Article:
• [0061]
    When used in a LAN networking environment, the computer 1002 is connected to the LAN 1052 through a wire and/or wireless communication network interface or adaptor 1056. The adaptor 1056 can facilitate wire and/or wireless communications to the LAN 1052, which may also include a wireless access point disposed thereon for communicating with the wireless functionality of the adaptor 1056.
  • [0062]
    When used in a WAN networking environment, the computer 1002 can include a modem 1058, or is connected to a communications server on the WAN 1054, or has other means for establishing communications over the WAN 1054, such as by way of the Internet. The modem 1058, which can be internal or external and a wire and/or wireless device, is connected to the system bus 1008 via the input device interface 1042. In a networked environment, program modules depicted relative to the computer 1002, or portions thereof, can be stored in the remote memory/storage device 1050. It will be appreciated that the network connections shown are exemplary and other means of establishing a communications link between the computers can be used.
  • [0063]
    The computer 1002 is operable to communicate with wire and wireless devices or entities using the IEEE 802 family of standards, such as wireless devices operatively disposed in wireless communication (e.g., IEEE 802.11 over-the-air modulation techniques) with, for example, a printer, scanner, desktop and/or portable computer, personal digital assistant (PDA), communications satellite, any piece of equipment or location associated with a wirelessly detectable tag (e.g., a kiosk, news stand, restroom), and telephone. This includes at least Wi-Fi (or Wireless Fidelity), WiMax, and Bluetooth™ wireless technologies. Thus, the communication can be a predefined structure as with a conventional network or simply an ad hoc communication between at least two devices. Wi-Fi networks use radio technologies called IEEE 802.11x (a, b, g, etc.) to provide secure, reliable, fast wireless connectivity. A Wi-Fi network can be used to connect computers to each other, to the Internet, and to wire networks (which use IEEE 802.3-related media and functions).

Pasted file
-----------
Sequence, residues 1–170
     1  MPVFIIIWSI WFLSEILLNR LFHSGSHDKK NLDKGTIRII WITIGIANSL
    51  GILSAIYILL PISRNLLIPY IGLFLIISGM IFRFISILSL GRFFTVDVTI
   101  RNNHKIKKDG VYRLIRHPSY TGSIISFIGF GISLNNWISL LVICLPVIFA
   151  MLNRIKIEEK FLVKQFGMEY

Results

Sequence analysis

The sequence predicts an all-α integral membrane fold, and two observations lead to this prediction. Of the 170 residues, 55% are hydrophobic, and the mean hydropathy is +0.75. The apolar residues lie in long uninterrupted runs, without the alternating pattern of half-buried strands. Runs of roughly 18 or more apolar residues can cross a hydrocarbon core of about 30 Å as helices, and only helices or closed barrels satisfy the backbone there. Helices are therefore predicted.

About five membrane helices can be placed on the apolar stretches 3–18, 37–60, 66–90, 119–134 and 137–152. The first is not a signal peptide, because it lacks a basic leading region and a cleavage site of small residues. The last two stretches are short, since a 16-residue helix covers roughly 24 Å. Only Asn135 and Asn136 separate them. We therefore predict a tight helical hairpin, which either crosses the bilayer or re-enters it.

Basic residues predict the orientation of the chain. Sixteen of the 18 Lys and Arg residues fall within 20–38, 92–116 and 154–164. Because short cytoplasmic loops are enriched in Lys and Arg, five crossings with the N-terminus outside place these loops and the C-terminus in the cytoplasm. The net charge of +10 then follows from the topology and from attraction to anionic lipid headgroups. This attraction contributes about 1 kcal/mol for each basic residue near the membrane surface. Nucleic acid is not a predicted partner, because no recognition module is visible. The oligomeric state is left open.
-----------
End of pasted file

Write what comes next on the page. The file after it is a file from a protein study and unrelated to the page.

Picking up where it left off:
• [0064]
    What has been described above includes examples of the disclosed architecture. It is, of course, not possible to describe every conceivable combination of components and/or methodologies, but one of ordinary skill in the art may recognize that many further combinations and permutations are possible. Accordingly, the novel architecture is intended to embrace all such alterations, modifications and variations that fall within the spirit and scope of the appended claims. Furthermore, to the extent that the term “includes” is used in either the detailed description or the claims, such term is intended to be inclusive in a manner similar to the term “comprising” as “comprising” is interpreted when employed as a transitional word in a claim.
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Clasificaciones
Clasificación de EE.UU.715/244, 715/243
Clasificación internacionalG06F17/21, G06F17/00
Clasificación cooperativaG06F17/248, G06Q10/043
Clasificación europeaG06Q10/043, G06F17/24V
Eventos legales
FechaCódigoEventoDescripción
8 Abr 2008ASAssignment
Owner name: MICROSOFT CORPORATION, WASHINGTON
Free format text: ASSIGNMENT OF ASSIGNORS INTEREST;ASSIGNORS:LAI, JOSEPH TING-CHUN;CARLSON, JOHN;GONZALEZ-GONGORA, MIGUEL;REEL/FRAME:020774/0682;SIGNING DATES FROM 20080403 TO 20080407
9 Dic 2014ASAssignment
Owner name: MICROSOFT TECHNOLOGY LICENSING, LLC, WASHINGTON
Free format text: ASSIGNMENT OF ASSIGNORS INTEREST;ASSIGNOR:MICROSOFT CORPORATION;REEL/FRAME:034564/0001
Effective date: 20141014